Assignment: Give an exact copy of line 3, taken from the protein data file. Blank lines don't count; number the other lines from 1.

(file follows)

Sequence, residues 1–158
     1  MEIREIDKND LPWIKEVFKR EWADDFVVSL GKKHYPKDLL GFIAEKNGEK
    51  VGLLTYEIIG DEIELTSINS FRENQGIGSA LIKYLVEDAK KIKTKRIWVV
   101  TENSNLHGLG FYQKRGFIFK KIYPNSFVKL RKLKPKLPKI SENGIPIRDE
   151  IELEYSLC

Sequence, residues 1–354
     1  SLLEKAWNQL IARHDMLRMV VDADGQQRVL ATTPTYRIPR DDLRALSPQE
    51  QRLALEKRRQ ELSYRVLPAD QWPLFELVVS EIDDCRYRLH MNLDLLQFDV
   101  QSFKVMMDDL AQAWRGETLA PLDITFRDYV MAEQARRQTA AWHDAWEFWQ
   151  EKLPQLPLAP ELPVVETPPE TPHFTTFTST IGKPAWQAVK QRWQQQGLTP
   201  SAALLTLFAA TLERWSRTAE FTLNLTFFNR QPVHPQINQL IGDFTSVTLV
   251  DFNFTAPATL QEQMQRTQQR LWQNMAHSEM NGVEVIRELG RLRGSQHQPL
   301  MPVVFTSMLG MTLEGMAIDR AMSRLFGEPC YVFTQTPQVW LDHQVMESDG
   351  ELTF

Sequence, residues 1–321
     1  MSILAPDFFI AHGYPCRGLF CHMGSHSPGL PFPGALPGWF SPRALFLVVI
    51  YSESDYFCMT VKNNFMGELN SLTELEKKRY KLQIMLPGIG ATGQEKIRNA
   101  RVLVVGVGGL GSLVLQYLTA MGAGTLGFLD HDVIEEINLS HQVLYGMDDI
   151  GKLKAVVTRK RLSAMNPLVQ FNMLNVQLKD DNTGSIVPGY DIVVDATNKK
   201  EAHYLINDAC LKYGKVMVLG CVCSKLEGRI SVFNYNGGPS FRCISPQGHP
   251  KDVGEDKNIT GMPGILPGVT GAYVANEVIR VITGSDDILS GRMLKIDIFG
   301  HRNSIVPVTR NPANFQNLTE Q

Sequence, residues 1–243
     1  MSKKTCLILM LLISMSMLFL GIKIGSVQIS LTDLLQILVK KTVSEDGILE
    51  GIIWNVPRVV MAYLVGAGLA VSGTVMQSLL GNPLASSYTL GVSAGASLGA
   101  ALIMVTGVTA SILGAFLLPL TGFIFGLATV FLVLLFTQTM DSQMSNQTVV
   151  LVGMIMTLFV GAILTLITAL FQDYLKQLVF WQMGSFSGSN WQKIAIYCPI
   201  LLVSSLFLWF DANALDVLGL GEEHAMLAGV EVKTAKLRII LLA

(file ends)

    51  VGLLTYEIIG DEIELTSINS FRENQGIGSA LIKYLVEDAK KIKTKRIWVV